➢ Jan Caldwell, Manager, Marketing Services, Williams—Northwest Pipeline
➢ Shelley Corman, Senior Vice President, Commercial & Regulatory, Transwestern Pipeline Company
➢ John Dagg, Director of Gas Transmission and System Operations, Southern California Gas Company and San Diego Gas & Electric
➢ Lynn Dahlberg, Director Marketing Services, Williams—Northwest Pipeline
➢ Curtis Dallinger, Director, Gas Resource Planning, Xcel Energy
➢ Randy Friedman, Director, Gas Supply, Northwest Natural Gas
➢ Paul Goldstein, Managing Director, Sempra U.S. Gas & Power
➢ Roger Graham, Director Wholesale Marketing & Business Development, Pacific Gas & Electric
➢ Steve Harper, Director Gas Supply, Avista Corp.
➢ Robert Hayes, Vice President of Physical Trading and Operations, Calpine Corporation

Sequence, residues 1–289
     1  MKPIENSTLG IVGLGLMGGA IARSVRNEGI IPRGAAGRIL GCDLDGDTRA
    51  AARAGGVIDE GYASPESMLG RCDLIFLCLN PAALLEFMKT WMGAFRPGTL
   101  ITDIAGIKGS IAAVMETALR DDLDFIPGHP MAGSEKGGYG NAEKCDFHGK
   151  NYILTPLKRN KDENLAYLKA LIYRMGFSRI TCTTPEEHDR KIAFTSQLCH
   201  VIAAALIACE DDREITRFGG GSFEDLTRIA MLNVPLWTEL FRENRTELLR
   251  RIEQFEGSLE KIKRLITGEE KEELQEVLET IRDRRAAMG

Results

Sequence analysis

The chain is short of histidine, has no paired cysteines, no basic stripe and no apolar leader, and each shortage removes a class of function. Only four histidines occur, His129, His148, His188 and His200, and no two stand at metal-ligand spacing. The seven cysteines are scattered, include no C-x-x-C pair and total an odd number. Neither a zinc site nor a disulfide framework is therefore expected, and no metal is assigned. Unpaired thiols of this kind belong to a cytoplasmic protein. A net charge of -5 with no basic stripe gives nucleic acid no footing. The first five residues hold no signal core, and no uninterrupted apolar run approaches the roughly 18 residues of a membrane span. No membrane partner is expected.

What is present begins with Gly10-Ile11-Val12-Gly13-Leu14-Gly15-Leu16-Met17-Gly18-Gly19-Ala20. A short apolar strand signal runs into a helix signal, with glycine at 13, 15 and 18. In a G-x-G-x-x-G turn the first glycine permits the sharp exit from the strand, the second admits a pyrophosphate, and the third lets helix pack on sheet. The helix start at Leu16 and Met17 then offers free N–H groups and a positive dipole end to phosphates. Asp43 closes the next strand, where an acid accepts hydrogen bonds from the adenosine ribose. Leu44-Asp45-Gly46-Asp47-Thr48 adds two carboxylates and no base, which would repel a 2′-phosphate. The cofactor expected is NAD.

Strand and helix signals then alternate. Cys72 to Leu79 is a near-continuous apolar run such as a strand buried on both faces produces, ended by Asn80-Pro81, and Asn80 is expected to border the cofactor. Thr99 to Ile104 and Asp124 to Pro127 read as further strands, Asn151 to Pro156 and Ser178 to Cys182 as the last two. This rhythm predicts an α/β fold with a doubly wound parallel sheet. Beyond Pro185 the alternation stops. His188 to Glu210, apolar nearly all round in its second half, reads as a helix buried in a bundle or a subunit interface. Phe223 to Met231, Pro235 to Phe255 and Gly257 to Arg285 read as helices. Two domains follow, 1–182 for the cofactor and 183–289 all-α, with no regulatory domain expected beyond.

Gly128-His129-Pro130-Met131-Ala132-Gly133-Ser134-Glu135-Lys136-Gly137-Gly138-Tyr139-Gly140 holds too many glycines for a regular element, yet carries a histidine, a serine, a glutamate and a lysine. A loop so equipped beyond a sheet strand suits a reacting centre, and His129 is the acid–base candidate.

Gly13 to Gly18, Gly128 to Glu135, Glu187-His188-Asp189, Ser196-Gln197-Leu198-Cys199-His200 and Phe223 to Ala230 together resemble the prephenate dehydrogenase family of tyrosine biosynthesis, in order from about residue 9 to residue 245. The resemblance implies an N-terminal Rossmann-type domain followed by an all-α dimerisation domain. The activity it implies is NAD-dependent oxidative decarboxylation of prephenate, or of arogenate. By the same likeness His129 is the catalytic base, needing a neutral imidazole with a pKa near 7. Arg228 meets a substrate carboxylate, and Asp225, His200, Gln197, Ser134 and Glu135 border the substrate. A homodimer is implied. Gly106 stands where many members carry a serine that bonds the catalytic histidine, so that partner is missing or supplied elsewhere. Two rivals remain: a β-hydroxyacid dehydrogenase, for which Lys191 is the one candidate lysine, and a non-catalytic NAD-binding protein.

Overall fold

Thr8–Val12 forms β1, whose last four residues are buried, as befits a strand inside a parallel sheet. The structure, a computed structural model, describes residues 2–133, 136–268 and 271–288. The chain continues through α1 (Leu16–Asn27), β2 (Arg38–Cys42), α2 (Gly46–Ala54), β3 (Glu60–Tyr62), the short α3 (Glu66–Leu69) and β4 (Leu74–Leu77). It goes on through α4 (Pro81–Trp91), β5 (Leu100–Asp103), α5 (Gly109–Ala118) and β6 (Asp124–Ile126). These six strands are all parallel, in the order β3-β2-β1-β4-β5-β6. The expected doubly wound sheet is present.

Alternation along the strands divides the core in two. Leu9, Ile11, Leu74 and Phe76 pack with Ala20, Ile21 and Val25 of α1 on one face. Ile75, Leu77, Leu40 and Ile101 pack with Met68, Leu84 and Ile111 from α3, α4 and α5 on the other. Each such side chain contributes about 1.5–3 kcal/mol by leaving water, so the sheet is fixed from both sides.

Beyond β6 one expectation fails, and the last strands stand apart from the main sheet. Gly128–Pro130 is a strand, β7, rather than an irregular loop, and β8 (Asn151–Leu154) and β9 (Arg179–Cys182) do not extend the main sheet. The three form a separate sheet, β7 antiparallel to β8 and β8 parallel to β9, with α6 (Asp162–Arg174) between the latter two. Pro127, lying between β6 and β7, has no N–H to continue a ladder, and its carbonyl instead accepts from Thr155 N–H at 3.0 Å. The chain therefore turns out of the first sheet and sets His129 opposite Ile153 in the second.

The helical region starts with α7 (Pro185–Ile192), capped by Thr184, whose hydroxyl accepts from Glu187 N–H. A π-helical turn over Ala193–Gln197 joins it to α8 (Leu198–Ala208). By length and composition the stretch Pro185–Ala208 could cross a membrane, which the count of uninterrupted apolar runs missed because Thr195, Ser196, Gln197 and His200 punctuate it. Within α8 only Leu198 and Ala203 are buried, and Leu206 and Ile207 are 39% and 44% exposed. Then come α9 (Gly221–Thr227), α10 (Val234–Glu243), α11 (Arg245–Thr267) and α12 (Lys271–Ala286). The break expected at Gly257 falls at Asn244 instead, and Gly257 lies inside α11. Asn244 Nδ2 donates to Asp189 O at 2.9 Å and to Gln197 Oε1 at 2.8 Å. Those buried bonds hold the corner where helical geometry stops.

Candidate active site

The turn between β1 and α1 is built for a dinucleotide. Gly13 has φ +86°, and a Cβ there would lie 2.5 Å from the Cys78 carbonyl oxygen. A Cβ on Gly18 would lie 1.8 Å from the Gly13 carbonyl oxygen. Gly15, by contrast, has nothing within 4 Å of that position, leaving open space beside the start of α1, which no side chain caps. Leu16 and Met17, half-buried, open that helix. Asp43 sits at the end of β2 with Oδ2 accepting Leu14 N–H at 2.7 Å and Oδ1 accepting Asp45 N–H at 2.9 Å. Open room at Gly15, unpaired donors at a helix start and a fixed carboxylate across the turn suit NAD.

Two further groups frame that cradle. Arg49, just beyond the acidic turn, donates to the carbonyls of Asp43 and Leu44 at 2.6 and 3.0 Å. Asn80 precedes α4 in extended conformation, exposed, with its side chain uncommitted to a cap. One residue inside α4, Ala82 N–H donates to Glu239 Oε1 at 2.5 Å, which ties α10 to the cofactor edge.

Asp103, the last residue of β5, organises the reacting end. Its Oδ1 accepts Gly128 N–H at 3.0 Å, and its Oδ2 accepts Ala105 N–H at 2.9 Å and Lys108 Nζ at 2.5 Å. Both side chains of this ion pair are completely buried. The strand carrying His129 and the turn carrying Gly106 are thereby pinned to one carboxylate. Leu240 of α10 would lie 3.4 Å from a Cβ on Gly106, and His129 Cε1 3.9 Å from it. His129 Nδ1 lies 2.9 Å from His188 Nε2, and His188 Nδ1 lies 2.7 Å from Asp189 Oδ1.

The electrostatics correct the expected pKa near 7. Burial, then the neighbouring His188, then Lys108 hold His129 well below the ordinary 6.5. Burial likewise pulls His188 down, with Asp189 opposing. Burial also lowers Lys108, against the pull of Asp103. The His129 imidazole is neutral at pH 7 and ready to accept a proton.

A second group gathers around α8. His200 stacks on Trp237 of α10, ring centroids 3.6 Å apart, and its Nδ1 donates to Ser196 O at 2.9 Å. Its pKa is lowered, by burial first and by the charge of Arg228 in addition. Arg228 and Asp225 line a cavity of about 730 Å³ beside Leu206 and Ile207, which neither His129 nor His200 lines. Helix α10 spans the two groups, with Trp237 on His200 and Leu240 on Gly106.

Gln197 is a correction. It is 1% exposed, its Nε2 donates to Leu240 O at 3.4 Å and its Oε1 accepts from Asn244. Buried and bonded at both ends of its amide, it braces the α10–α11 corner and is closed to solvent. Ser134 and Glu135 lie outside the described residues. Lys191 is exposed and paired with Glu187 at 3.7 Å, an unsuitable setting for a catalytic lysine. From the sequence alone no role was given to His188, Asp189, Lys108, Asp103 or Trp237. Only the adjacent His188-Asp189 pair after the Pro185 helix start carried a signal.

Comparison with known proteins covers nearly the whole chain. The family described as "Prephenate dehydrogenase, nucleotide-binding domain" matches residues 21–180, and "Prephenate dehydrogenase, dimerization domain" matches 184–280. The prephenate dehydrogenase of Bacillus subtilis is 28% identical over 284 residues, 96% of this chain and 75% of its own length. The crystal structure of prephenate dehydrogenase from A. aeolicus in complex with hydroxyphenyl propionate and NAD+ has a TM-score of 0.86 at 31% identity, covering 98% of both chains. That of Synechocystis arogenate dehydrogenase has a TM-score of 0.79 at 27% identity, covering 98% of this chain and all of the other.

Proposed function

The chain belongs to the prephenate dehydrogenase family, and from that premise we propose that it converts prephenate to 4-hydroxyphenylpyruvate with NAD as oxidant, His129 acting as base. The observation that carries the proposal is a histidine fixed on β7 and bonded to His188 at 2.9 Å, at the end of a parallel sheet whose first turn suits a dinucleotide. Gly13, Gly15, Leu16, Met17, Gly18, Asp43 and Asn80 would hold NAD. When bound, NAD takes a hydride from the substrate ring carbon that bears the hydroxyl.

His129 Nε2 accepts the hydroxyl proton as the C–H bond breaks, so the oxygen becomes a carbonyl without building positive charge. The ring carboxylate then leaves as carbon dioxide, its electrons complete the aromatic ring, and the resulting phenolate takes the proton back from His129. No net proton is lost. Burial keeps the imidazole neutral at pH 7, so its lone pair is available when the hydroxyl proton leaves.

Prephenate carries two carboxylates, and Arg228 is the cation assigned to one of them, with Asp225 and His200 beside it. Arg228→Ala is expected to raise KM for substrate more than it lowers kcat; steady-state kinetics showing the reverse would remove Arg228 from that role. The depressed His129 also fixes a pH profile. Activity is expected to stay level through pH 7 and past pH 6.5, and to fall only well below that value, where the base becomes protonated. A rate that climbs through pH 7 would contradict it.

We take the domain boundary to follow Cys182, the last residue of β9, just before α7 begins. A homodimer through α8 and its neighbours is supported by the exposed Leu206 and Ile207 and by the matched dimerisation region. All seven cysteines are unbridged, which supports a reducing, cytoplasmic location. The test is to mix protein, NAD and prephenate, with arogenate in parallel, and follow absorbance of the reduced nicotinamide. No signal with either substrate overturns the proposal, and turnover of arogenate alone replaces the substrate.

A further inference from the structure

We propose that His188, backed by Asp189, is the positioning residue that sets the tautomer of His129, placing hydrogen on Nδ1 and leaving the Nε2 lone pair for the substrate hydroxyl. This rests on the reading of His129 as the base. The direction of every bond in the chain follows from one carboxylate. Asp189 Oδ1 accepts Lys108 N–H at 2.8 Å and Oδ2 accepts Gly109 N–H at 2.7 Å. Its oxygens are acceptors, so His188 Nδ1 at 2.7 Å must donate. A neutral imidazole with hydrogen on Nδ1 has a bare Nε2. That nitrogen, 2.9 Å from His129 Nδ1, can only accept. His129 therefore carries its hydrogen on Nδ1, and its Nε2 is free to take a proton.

➢ Tom Haymaker, Slice Manager, Clark Public Utilities
➢ Lee Hobbs, Senior Vice President, TransCanada US Pipelines
➢ Skip Horvath, President, Natural Gas Supply Association
➢ Kevin Johnson, Director, Gas Control, Kinder Morgan Western Pipelines
➢ Dan Kirschner, Executive Director, Northwest Gas Association
➢ Ray Miller, Vice President, Pipeline Management, Kinder Morgan Pipelines
➢ John Moura, Associate Director, Reliability Assessment, NERC
➢ Liam Noailles, Manager, Market Operations, Xcel Energy
➢ Kent Price, Senior Marketing Representative, Salt River Project
➢ Pete Richards, Director, Operations, Gas Control & Measurement, Williams—Northwest Pipeline
➢ Clay Riding, Director Natural Gas Resources, Puget Sound Energy
➢ Andrew Soto, Senior Managing Counsel, American Gas Association
➢ Reuben Tavares, Electric Generation System Specialist, California Energy Commission
➢ Justin Thompson, Director of Business Support, Arizona Public Service Company
➢ William Tom, Senior Manager, Day-Ahead Operations, Pacific Gas & Electric
➢ Gregory Van Pelt, External Affairs Manager, California ISO
➢ Craig Williams, Market Interface Manager, Western Electricity Coordinating Council
[FR Doc. 2012-20904 Filed 8-24-12; 8:45 am]
BILLING CODE 6717-01-P